There is no such thing as "to-do list zero"2021-08-08
Oliver Burkeman writes about the “three or four hours rule for getting creative work done.” As you’ve guessed, the rule says that “you almost certainly can’t consistently do the kind of work that demands serious mental focus for more than about three or four hours a day.” But more than that, this is a sort of negative rule. Physically, mentally, you bump up against diminishing returns after a certain point. The hidden proscription is that, after three or four hours, you stop.
Burkeman rightly acknowledges that many people do not have the luxury to stop after three or four hours, but academics like myself (and other related knowledge workers) do. And if not stopping in the sense of turning off the computer and playing video games, at the very least, stopping in the sense of closing the LaTeX file and switching to less mentally-demanding tasks like scraping data, responding to emails, reading articles, etc.
The three or four hours rule is not revolutionary. Or, not any more. Especially after the past year and a half, my perception is that the oppressive “butts in seats” ethos is on the decline while the recognition that people are not robots—and therefore have cognitive limits and need breaks—is on the up-and-up.
Even so, stopping is hard. Harder, sometimes, than doing the three or four hours of work. Burkeman recognizes that even when no one is forcing us to work past our three or four hours, we nonetheless feel compelled to do so—whether out of a sense of obligation, or “culture,” or a desire to be in control or on top of things. He writes:
The truly valuable skill here isn’t the capacity to push yourself harder, but to stop and recuperate despite the discomfort of knowing that work remains unfinished, emails unanswered, other people’s demands unfulfilled.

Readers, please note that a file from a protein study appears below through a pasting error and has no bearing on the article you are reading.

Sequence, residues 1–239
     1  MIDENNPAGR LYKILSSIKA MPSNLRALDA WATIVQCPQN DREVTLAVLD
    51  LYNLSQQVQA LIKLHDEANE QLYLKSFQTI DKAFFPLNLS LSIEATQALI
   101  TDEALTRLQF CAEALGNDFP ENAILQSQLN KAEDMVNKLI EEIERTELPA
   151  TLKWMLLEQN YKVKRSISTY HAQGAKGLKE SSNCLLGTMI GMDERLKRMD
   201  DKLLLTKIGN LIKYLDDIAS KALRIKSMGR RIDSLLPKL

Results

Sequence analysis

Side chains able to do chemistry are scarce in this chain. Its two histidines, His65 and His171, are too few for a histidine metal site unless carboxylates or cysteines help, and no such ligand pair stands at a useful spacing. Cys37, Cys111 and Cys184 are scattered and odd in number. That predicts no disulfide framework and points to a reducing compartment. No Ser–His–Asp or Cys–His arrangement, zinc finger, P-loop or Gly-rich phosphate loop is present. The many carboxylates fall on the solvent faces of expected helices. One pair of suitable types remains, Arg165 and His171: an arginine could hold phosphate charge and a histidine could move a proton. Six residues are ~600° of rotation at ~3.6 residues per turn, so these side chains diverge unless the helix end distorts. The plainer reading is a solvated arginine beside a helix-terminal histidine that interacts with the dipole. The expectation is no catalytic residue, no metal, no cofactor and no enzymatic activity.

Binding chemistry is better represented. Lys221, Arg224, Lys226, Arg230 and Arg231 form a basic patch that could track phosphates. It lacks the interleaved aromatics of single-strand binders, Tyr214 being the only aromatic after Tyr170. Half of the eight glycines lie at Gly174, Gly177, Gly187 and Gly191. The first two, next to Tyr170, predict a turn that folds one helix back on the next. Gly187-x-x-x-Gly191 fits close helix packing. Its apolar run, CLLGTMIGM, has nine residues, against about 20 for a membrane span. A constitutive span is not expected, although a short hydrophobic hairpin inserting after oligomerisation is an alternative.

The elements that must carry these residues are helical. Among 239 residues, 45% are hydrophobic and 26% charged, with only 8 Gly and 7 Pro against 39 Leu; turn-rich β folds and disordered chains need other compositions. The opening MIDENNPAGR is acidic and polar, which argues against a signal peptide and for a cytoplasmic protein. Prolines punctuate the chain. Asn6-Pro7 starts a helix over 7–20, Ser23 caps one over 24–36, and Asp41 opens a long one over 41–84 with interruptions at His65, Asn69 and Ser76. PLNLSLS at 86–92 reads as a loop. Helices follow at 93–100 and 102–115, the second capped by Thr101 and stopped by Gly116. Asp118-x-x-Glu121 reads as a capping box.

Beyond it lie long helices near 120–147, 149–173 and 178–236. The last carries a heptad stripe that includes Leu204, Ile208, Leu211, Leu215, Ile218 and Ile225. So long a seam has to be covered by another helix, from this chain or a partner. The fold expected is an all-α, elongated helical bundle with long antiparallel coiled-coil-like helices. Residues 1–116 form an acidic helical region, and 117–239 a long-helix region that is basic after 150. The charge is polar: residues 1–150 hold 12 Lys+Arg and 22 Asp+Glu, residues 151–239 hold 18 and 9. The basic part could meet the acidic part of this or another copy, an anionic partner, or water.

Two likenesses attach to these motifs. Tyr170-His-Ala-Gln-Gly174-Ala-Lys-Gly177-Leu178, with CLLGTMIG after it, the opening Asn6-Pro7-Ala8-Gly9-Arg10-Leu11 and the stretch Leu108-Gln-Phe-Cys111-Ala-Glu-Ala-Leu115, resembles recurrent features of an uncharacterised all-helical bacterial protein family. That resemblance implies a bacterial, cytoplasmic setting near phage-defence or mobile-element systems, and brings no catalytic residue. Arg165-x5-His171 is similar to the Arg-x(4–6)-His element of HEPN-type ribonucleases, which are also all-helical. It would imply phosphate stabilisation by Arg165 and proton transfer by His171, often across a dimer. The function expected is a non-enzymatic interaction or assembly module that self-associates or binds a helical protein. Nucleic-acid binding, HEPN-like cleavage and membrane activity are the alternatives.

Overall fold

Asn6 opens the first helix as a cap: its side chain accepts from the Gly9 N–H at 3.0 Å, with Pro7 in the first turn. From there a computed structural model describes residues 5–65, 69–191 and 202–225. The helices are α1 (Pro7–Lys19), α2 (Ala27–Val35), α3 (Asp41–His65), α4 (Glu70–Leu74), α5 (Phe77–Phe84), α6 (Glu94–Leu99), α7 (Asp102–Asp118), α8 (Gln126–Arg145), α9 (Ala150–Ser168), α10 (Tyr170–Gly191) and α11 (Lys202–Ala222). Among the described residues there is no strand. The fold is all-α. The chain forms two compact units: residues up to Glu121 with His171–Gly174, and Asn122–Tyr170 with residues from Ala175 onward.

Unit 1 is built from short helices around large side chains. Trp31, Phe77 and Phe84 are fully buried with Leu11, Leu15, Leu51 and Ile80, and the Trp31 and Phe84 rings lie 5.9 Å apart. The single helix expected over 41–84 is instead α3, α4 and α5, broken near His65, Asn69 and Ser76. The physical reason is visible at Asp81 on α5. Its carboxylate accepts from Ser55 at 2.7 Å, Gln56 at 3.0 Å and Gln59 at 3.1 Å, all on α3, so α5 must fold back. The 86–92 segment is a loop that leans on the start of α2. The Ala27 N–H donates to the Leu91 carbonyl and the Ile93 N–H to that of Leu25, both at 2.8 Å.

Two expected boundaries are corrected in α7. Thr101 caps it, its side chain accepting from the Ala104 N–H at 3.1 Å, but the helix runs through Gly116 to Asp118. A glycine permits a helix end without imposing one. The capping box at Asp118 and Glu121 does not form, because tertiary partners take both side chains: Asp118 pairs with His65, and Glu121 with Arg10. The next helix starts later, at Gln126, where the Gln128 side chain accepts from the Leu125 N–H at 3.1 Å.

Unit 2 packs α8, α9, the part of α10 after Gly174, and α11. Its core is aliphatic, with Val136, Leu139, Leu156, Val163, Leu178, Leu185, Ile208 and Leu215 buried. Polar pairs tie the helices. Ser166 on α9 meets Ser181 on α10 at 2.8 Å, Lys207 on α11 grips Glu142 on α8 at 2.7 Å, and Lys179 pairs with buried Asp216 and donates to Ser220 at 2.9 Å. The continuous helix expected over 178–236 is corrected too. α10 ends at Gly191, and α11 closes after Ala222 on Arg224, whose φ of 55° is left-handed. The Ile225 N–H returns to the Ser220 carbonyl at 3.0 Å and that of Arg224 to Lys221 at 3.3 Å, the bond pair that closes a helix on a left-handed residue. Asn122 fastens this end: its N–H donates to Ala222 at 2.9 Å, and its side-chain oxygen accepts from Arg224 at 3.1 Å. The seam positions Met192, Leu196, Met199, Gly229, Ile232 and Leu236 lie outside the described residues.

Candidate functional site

This desire for an Inbox Zero for life—a To-do List Zero—compels us to keep working. But achieving such a goal is impossible. And more than impossible, undesirable. Practically, zeroing out your to-do list puts you back at square one tomorrow. For example, if I were somehow able to send every in-progress article to a journal tonight, tomorrow, I would not be able to just wake up and play video games for the next 40 years—I’d have to start a new article. From scratch. Which is hard—harder than working on an article that’s 68 percent of the way there.
And philosophically, I chose this line of work because I am curious about how the world works. I have questions, and I want to find answers. Publishing articles A, B, and C does not mean that all of my questions have been answered. It just means that it’s time to move on to questions D, E, and F. Other knowledge workers have similar motivations.
Finishing your to-do list does not mean that you close the book on work and get to go sit on the beach. You are probably the kind of person who is going to create more work for yourself. And that is good in the long term. As Austin Kleon writes:
The creative journey is not one in which at the end you wake up in some mythical, happy, foreign land. The creative journey is one in which you wake up every day..with more work to do.
But if you’re just going to create more work for yourself, if you’re on a treadmill of problem solving, then there is no rush—and no way—to get to To-do List Zero. As Burkeman points out, on such a journey, the skill to cultivate is not how to get more done, but learning when to stop so that tomorrow you can perform at your best.
I am reminded of something Napoleon once said:
“Various subjects and affairs are stored away in my brain as in a chest of drawers. When I want to take up any business, I shut one drawer and open another. None of them ever gets mixed, and never does this inconvenience me or fatigue me. If I feel sleepy, I shut all the drawers and go to sleep.”
Shutting the drawers—stopping, resting—is a skill, one I am trying to get better at. But, then again, “getting better at resting” sounds a like work.